Recurrence of anaplastic lymphoma kinase (ALK) positive adenocarcinoma after 17 years: Case report

Khalid Al-Baimani, Harman S. Sekhon, Paul Wheatley-Price*

*Corresponding author for this work

Research output: Contribution to journalArticlepeer-review

4 Citations (Scopus)

Abstract

Introduction: About four to six percent of non-small cell lung cancer (NSCLC) harbor Anaplastic lymphoma kinase rearrangement (ALK). ALK positive NSCLC has a distinct clinicopathological features. In the advanced setting ALK tyrosine kinase inhibitors are used in the first and second line of treatment. However, less is known about the outcome of stage one ALK positive NSCLC. Presentation of case: Our case is a 58 year old man who presented initially with stage one ALK positive NSCLC. He relapsed 17 years later. Discussion: It is very unusual for stage one NSCLC to relapse beyond 10 years. It is surprising that our patient relapsed many years after his initial diagnosis. Conclusion: This may highlight a different biology and outcome. It may also mean a longer follow up is needed for this subset of patients.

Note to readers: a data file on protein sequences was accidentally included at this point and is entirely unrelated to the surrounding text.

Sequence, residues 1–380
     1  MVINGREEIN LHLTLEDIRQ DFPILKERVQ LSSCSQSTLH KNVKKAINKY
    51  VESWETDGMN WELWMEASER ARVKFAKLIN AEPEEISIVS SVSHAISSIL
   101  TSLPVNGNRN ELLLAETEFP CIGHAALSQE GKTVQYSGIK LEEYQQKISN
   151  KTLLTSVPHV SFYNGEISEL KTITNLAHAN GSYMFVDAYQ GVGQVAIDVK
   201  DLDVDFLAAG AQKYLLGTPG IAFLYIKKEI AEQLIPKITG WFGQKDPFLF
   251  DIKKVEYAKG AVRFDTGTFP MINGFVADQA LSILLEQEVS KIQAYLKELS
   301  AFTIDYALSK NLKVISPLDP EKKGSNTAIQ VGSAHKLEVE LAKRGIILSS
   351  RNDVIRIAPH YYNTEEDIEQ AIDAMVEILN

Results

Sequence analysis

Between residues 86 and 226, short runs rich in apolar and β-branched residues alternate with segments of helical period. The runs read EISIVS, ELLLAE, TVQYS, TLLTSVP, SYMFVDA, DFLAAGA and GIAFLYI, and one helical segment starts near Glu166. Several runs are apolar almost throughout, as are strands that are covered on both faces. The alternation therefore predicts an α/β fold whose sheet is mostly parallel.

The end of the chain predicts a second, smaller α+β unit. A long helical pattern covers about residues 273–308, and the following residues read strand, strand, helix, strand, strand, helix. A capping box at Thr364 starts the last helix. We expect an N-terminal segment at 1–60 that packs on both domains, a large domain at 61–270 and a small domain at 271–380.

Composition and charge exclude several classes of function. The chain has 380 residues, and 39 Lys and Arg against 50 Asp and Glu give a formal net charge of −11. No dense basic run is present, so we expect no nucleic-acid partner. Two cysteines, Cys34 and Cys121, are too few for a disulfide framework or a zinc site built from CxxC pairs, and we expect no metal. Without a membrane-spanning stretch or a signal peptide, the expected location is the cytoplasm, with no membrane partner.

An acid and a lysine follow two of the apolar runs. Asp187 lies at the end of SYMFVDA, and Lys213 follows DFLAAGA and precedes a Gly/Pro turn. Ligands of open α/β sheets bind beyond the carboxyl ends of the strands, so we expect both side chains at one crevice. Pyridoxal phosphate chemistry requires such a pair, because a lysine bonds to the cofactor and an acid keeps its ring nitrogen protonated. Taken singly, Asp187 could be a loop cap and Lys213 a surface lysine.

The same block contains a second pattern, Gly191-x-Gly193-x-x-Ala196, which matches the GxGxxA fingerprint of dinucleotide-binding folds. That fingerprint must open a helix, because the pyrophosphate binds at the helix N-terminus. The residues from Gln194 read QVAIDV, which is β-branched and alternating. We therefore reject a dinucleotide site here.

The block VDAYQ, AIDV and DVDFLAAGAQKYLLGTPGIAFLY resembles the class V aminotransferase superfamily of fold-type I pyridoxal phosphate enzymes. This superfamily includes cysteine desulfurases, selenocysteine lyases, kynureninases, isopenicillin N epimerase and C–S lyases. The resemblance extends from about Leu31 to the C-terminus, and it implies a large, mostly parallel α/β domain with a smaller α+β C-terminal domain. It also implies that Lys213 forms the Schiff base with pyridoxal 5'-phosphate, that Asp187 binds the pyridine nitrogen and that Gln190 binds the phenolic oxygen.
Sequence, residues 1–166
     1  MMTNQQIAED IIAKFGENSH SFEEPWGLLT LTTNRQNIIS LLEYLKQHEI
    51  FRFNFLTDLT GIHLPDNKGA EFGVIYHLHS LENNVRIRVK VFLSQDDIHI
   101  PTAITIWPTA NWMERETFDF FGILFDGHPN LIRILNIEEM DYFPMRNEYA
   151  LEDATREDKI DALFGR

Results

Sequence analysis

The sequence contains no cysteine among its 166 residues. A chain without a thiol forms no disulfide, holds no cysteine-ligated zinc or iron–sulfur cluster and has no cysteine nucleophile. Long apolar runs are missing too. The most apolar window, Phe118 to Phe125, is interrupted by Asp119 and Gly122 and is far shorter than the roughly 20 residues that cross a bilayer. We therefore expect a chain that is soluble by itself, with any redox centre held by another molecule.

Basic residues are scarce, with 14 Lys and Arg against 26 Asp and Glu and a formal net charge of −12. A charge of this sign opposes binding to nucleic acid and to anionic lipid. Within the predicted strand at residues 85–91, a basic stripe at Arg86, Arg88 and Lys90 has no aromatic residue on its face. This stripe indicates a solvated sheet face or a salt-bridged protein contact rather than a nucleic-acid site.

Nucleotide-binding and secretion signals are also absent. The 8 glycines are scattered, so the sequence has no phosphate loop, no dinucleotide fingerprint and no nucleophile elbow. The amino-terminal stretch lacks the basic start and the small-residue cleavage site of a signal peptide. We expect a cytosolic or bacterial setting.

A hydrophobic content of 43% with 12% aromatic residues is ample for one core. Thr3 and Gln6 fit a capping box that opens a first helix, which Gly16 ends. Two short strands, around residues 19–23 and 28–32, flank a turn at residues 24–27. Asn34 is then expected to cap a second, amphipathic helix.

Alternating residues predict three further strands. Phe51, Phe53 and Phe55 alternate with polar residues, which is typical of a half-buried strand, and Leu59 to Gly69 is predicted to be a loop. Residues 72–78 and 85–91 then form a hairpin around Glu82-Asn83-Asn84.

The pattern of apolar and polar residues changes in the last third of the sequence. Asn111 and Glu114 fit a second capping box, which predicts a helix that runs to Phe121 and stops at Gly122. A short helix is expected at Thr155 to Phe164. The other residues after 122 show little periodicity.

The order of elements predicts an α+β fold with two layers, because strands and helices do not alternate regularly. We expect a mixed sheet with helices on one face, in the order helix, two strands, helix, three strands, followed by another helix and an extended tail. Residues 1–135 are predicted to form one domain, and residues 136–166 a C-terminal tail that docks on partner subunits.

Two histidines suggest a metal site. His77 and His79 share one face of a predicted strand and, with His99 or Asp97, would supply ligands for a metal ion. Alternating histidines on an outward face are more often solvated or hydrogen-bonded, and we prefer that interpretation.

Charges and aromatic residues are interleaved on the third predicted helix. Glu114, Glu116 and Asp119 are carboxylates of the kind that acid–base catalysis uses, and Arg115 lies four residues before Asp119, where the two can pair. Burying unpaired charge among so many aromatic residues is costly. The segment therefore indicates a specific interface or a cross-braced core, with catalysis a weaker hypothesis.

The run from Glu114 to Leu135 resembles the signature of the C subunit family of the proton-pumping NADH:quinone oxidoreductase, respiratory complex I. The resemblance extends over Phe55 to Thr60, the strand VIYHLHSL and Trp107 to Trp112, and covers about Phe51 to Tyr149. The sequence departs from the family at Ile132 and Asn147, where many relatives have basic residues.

Original languageEnglish
Pages (from-to)6-9
Number of pages4
JournalCancer Treatment Communications
Volume4
DOIs
Publication statusPublished - 2015

Keywords

  • ALK
  • NSCLC
  • Outcome
  • Relapse
  • Stage one

ASJC Scopus subject areas

  • Oncology

Fingerprint Dive into the research topics of 'Recurrence of anaplastic lymphoma kinase (ALK) positive adenocarcinoma after 17 years: Case report'. Together they form a unique fingerprint.

Cite this